Friday, November 22, 2013

Sarah Bond: Girls with Pearl Earrings: The Pearl Trade in the Roman Mediterranean




Roman, 2nd century AD
Mummy Portrait, Antinoopolis (Egypt)
Now at the Harvard Art Museum
If there is one person within the ancient literary record known for disliking pearls, it was Pliny. Where many saw gleaming white objects to be used in jewelry, Pliny saw only immorality and luxury. This is probably best illustrated by the story related by the natural historian (NH. 9.119-121) that Cleopatra owned the two largest pearls known in the late first century BCE, and, in an attempt to throw the most lavish dinner party (one costing 10 million sesterces!), took one out of her ear, plopped it in a vessel full of vinegar, and--like an alka seltzer--drank the pearl. The story is--like many stories about women and jewelry in antiquity--meant to demonstrate Cleopatra's excessive opulence and moral deprivation. 

To truly appreciate Cleopatra's choice of hors d'oeuvres, one must also consider that attaining pearls in antiquity was a much more difficult endeavor than today. Since the early 20th century, pearls have lost much of their value due to the ease with which we can now manufacture them. However, in antiquity, they were difficult to attain and often travelled over vast distances. In Latin, they are generally called a margarita and in Greek a μαργαρίτης (a bit of classics trivia I tend to break out at Mexican restaurants). Many of these pearls were imported at great expense from the area of southern Babylonia and the Persian Gulf, but pearls could also come from the area of the Red Sea, Indian Ocean, and other parts of India. Even Britain had some, though they were of lesser quality and prestige.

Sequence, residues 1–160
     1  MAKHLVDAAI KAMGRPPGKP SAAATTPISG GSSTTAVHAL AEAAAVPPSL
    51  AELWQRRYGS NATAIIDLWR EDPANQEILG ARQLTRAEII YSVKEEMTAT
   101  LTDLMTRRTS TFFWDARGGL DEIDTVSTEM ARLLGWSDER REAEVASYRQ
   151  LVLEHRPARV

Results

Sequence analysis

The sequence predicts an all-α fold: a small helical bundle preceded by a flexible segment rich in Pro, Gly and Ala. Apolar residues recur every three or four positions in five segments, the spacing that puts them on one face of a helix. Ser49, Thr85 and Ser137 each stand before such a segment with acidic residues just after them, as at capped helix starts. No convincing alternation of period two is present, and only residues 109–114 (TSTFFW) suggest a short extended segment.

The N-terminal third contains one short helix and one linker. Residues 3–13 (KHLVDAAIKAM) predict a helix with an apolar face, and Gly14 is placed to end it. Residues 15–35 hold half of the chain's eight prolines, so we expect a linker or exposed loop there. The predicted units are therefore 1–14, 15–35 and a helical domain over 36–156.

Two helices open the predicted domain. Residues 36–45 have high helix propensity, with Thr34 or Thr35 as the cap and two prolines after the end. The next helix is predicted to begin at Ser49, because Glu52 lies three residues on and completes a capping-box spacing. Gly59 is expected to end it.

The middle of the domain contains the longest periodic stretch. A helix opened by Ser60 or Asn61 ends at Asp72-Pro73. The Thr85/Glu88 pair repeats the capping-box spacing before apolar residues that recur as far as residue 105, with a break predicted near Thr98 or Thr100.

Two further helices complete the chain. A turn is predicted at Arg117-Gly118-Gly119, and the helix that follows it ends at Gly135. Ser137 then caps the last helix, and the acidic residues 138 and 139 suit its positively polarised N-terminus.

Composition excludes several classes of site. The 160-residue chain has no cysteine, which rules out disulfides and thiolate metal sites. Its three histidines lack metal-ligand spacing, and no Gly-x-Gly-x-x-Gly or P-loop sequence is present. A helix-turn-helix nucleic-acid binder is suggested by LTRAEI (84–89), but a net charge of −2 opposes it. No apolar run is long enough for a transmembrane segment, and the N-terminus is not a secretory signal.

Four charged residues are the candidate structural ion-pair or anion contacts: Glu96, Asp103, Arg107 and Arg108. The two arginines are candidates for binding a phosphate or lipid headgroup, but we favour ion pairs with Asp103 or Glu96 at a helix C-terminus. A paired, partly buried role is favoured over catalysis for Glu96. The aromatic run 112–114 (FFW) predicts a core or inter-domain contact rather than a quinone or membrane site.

Although knowledge of pearls existed long before, the late antique historian Ammianus Marcellinus (22.6.84) notes that after the conquest of Lydia in 546 BCE, pearls were one item that became popular within the Persian empire. Ammianus further notes (erroneously) how they are made: "For at that time they desire, as it were, a kind of copulation, and by often opening and shutting quickly they take in moisture by sprinkling with moonlight" (Ibid. 85). Through this method, the shells became pregnant. Despite the lack of veracity, it is a lovely story that helps us to understand the ethereal wonder surrounding pearls in antiquity. 


Inscription noting Asterius, son of a pearl dealer [Naro, Africa Proconsularis]
(CIL VIII, 12457b = ILCV 4940B)
As is my way, I am often more fascinated by the traders in various commodities than in the commodities themselves. Dealers of pearls in the Roman empire were often termed a margaritarius or collectively called margaritarii. These pearl dealers could be found on the Via Sacra in Rome (perhaps near the Porticus Margaritaria) and in many other large cities within the empire. 

We do not know the exact 

location of this Porticus, since it is based solely off a citation in the regionary catalogues (Regio VIII), but the map presented here is one guess.

Elite Romans within the city appear to have had a voracious appetite for eastern luxuries in the early empire. Horace notes that wealthy women often lined their clothing with emeralds and pearls, and many an elite male tied pearls to moral decline. Yet far beyond their being seen as symbols of luxury, greed, or narcissism, pearls were a symbol of the vast trade network within the Roman empire. Although Pliny cast pearls as an emblem of decline, I can only view them as a symbol of economic capability and opportunity. 


Mosaic of the empress Theodora, from Ravenna.


1 comment:

Tylor Swift said...

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